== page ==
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Visit to the Statue of Liberty

Activity: Statue of Liberty Duration: 3 hours Price: 19,25 USD

The Statue of Liberty is New York City's biggest icon, symbol of progress, a mandatory stop on our trip to the Big Apple.

Statue of Liberty

What is the Statue of Liberty

Surely, if someone names New York, the first image that comes to mind is undoubtedly that of the Statue of Liberty, the city's biggest icon and symbol of the United States of America. Impossible to take a trip to New York and not book one of the days to get to know the Statue of Liberty, its island and its history.

The Statue of Liberty is a colossal sculpture, a gift from the French government to the United States government on the centenary of its Declaration of Independence.

Where is the Statue of Liberty?

The Statue of Liberty is located in New York, south of Manhattan Island, on Liberty Island (Bedloe Island until 1,956), which served as a military base. It housed Fort Wood, built of granite and whose eleven-pointed star-shaped foundations served as the basis for the construction of the statue's pedestal. Although several locations were shuffled, this island was eventually chosen as a site. Interestingly, years ago the sculptor of the Statue of Liberty himself, when he traveled to the United States to prepare the project, had planned the construction of the monument on that same island; fascinated by the country's promises of freedom, he imagined the European-oriented statue, thus welcoming immigrants and protecting the city at the same time, like the ancient colossus.

What are we going to do on the visit to the Statue of Liberty?

Of course, on your guided trip to New York, an excursion to the statue is planned. To visit the Statue of Liberty, we'll have to travel to Liberty Island, so we'll take the boat to Battery Park. Once there we can tour the island, we will do a tour with audio guides in Spanish. Once the tour is over we can take the ferry again to get to know ellis Island, since 1965 it has been part of the National Monument that makes up the Statue of Liberty and visit the Immigration Museum.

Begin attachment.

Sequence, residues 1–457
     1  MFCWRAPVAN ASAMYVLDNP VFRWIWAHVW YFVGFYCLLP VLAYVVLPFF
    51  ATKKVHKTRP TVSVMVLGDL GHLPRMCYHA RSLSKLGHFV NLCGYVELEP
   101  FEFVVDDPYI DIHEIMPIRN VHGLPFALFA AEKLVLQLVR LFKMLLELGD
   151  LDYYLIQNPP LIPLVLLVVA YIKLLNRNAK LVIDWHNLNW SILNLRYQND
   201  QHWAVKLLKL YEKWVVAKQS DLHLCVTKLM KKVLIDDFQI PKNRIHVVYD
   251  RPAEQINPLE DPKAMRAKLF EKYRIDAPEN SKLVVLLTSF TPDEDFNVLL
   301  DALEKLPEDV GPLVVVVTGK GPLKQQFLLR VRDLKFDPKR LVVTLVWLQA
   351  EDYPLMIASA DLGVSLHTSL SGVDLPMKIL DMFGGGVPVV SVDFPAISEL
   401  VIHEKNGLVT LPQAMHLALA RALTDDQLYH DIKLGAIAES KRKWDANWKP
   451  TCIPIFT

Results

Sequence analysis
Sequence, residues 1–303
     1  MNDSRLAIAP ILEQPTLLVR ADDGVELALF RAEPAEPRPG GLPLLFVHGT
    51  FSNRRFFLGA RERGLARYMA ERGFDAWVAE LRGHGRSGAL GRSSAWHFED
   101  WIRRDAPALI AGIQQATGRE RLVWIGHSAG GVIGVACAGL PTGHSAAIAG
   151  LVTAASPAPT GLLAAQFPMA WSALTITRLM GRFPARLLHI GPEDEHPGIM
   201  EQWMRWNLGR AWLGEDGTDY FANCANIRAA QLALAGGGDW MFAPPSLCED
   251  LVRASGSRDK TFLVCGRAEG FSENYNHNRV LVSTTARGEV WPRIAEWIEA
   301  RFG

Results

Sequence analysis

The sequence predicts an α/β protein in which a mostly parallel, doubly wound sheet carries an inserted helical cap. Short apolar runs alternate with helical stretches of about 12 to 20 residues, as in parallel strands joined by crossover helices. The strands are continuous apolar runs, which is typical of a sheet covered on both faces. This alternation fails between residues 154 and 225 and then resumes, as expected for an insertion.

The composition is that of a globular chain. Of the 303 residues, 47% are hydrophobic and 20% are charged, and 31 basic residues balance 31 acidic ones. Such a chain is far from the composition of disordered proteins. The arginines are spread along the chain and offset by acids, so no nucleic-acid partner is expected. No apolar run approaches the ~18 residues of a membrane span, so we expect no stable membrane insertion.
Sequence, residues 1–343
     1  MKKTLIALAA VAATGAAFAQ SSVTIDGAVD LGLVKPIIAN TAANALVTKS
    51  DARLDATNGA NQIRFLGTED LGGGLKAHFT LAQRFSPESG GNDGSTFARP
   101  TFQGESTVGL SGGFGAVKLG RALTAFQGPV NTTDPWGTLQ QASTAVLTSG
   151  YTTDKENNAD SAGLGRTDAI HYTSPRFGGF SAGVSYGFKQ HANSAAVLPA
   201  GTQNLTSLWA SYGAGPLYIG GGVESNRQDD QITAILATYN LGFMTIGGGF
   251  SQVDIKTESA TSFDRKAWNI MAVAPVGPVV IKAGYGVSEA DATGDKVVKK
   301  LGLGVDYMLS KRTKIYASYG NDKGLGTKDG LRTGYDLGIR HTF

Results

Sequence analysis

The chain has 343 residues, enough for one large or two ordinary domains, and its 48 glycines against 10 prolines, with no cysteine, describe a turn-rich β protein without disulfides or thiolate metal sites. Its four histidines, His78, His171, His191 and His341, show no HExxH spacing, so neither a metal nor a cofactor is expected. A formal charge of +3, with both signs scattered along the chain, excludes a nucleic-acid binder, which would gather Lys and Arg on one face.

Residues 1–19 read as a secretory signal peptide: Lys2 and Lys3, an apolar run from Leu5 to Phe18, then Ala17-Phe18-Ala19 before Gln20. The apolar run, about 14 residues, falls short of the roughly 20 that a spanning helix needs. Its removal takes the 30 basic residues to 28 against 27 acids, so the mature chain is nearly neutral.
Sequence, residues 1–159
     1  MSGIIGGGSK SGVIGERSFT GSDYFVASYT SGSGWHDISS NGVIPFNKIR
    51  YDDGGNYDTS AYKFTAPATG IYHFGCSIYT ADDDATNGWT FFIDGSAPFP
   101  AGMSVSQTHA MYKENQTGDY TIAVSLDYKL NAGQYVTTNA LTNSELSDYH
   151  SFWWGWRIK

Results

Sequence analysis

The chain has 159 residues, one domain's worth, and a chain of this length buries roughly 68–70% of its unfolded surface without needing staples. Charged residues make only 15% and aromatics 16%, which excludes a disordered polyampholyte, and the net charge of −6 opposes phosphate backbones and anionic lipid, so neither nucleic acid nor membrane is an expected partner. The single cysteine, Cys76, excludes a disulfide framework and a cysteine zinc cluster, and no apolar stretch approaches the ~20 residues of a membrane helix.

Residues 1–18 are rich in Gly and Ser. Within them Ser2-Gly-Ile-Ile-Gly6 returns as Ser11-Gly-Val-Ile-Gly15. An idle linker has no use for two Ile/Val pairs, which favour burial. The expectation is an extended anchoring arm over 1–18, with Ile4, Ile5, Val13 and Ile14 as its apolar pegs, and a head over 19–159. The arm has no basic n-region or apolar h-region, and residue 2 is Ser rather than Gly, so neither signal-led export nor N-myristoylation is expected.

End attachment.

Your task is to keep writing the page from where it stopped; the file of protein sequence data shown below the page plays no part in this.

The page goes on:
And since we're going to manage ferry tickets, audio tours and tickets, so you don't have to queue or worry about anything, all you have to do is enjoy the visit.  To keep up, we tell you five very curious things you probably didn't know about the Statue of Liberty:

1. The Statue of Liberty was a lighthouse until 1,902.

2. Now it is greenish, but it was reddish, since the patina that covers it is copper.

3. It has survived the impact of several rays and a hurricane.

4. Several terrorist attacks have survived.                                                                  

5.Announced the end of World War II with the lights of its crown via morse code.

History of the Statue of Liberty

The Statue of Liberty, originally Liberty Illuminating the World,was a gift from the French government to the U.S. government to commemorate the centenary of the declaration of Independence of the United States, although this gift came a decade after the centenary, due, for the most part, to the financial problems that were given on both sides of the Atlantic. Despite being a gift, the costs of the location and base were borne by the United States. To cover the cost of the statue, once it acquired the place where it was to be installed, art exhibitions, auctions and boxing matches were organized, also resorting to popular patronage (yes, yes, a crowdfunding in full rule). The occurrence was of Joseph Pulitzer, who published in the newspaper "The World" and within a few months managed, in addition to donations, several subscriptions to the newspaper.